The United States said Tuesday it was developing a vaccine against a deadly virus that originated in China, and urged Beijing to step up its cooperation with international health authorities.

The US government is keen to place its own teams on the ground to review the raw data and learn more about the pathogen, which has so far claimed more than 100 lives.

"We have already started at the NIH and with many of our collaborators on the developing of a vaccine," National Institutes for Health (NIH) official Anthony Fauci told reporters.

The process would take three months to start the first trial, three more months to gather data, before being able to move into its second phase.

"But we are proceeding as if we will have to deploy a vaccine," said Fauci.

"In other words, we're looking at the worst scenario that this becomes a bigger outbreak."

China was severely criticized for its handling of the Severe Acute Respiratory Syndrome (SARS) epidemic of 2002-03, which claimed hundreds of lives, mostly on the mainland and in Hong Kong.

During that health emergency, scientists had begun to develop a vaccine, but it was never deployed, Fauci said.

Passengers wear masks to protect against the spread of the Coronavirus as they arrive at the Los Angeles International Airport
Passengers wear masks to protect against the spread of the Coronavirus as they arrive at the Los Angeles International Airport AFP / Mark RALSTON

US Health and Human Services Secretary Alex Azar said the United States has offered China assistance three times in dealing with the crisis -- so far without success.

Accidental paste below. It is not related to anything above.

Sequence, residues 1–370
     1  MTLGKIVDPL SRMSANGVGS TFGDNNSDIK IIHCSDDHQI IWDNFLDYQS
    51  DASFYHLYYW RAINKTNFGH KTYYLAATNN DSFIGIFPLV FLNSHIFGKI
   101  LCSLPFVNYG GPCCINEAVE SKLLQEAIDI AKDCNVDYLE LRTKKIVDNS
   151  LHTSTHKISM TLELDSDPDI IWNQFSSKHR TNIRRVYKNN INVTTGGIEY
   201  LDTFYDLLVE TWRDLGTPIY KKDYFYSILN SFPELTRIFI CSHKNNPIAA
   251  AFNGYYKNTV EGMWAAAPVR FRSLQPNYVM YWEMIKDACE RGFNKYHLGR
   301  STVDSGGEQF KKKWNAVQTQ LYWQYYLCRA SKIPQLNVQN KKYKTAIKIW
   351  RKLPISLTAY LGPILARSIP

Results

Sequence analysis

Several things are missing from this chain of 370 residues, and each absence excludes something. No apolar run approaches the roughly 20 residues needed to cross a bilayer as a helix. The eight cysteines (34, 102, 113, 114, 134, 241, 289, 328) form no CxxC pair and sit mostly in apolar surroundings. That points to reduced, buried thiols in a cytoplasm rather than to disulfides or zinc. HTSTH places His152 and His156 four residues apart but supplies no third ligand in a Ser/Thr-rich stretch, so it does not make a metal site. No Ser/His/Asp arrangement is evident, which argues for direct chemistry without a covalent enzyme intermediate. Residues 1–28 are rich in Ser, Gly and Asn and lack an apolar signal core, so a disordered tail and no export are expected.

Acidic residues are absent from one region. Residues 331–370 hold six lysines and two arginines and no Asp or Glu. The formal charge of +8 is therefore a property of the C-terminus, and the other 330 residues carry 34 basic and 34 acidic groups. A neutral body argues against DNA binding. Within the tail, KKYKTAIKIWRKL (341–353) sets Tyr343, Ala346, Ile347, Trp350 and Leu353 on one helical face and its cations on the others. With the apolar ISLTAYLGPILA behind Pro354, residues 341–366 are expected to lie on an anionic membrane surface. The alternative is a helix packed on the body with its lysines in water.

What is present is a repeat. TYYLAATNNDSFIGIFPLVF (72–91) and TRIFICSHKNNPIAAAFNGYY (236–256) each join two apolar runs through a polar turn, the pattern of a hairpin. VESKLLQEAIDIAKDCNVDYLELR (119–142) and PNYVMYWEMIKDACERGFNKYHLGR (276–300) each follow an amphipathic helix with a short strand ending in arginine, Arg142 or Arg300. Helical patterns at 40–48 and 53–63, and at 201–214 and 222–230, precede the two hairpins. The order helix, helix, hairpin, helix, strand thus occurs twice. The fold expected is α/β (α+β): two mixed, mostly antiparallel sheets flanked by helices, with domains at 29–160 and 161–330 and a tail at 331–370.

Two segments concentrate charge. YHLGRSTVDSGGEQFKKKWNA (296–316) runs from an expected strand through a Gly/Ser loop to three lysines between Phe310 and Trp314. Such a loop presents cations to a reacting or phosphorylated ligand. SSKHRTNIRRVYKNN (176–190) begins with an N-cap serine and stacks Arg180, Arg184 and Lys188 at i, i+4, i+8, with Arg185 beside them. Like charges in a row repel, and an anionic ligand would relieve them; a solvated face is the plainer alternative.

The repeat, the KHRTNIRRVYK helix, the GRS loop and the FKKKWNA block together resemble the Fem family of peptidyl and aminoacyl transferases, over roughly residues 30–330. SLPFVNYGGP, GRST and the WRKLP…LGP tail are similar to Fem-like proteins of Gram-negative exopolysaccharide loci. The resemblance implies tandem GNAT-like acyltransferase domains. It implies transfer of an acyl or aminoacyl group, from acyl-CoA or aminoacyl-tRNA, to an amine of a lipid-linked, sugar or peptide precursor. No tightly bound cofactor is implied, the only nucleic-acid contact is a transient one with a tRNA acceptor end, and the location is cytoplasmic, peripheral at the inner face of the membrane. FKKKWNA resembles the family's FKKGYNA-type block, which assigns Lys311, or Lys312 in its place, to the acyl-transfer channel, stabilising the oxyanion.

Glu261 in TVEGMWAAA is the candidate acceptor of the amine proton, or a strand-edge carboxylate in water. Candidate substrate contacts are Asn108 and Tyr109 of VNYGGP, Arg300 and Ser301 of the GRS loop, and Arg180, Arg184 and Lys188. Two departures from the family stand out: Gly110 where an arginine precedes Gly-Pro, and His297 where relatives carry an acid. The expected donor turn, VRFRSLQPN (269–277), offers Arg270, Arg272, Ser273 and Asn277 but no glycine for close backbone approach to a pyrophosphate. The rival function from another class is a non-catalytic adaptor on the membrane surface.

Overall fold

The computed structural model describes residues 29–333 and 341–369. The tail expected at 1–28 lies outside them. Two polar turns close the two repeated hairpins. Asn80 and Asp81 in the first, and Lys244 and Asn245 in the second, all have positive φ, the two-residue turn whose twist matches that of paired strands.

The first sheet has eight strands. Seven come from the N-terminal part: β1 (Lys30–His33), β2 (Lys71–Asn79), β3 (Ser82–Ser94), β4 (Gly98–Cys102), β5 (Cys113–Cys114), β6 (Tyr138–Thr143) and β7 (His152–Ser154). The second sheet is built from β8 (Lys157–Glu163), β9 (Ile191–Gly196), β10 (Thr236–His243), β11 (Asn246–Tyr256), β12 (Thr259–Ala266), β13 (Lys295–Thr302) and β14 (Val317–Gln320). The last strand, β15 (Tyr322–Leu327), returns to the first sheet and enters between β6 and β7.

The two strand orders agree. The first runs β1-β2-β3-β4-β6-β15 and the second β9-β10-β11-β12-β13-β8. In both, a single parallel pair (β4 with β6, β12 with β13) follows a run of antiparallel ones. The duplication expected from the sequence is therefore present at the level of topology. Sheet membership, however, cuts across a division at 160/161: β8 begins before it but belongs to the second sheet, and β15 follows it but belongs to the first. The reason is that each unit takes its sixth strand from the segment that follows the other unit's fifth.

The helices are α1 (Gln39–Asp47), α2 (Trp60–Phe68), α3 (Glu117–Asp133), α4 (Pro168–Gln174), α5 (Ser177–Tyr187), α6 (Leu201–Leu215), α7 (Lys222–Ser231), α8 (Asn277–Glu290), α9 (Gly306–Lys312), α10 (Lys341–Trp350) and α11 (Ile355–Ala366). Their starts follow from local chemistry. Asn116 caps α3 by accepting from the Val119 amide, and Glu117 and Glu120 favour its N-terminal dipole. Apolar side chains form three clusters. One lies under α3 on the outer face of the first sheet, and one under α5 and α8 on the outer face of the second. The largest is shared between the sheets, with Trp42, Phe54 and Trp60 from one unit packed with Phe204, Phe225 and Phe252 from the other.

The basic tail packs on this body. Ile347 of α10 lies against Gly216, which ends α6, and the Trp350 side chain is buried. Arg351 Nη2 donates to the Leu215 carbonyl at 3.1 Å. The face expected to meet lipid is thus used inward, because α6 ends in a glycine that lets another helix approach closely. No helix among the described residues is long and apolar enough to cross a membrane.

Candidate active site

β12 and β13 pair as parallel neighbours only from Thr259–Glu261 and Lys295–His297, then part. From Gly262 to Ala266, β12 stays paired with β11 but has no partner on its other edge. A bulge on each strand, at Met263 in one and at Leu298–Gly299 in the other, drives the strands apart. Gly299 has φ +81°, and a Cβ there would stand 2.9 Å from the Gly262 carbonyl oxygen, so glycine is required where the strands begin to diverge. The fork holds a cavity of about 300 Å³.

"We are urging China -- more cooperation and transparency are the most important steps you can take toward a more effective response," Azar told reporters.

"On January the sixth, we offered to send a CDC team to China that could assist with these public health efforts," said Azar.

"I reiterated that offer when I spoke to China's minister of health on Monday, and it was reiterated again via the World Health Organization's leadership today in Beijing."

China was quick to sequence the genome of the 2019 novel Coronavirus and make it public, allowing scientists around the world to develop diagnostic tools and winning praise for its efforts, including from US President Donald Trump.

Just four days ago, Trump tweeted: "China has been working very hard to contain the Coronavirus. The United States greatly appreciates their efforts and transparency."

But the new revelation by Azar raises questions about how much China has truly cooperated.

"CDC experts are standing by ready, willing and able to go immediately to China, either on a bilateral basis or under the auspices of the World Health Organization," Azar said.

This would be necessary so that "we can see raw data, raw evidence and help design the types of studies and analytics" to answer critical questions such as incubation period and whether the infection can be transmitted while patients don't have symptoms.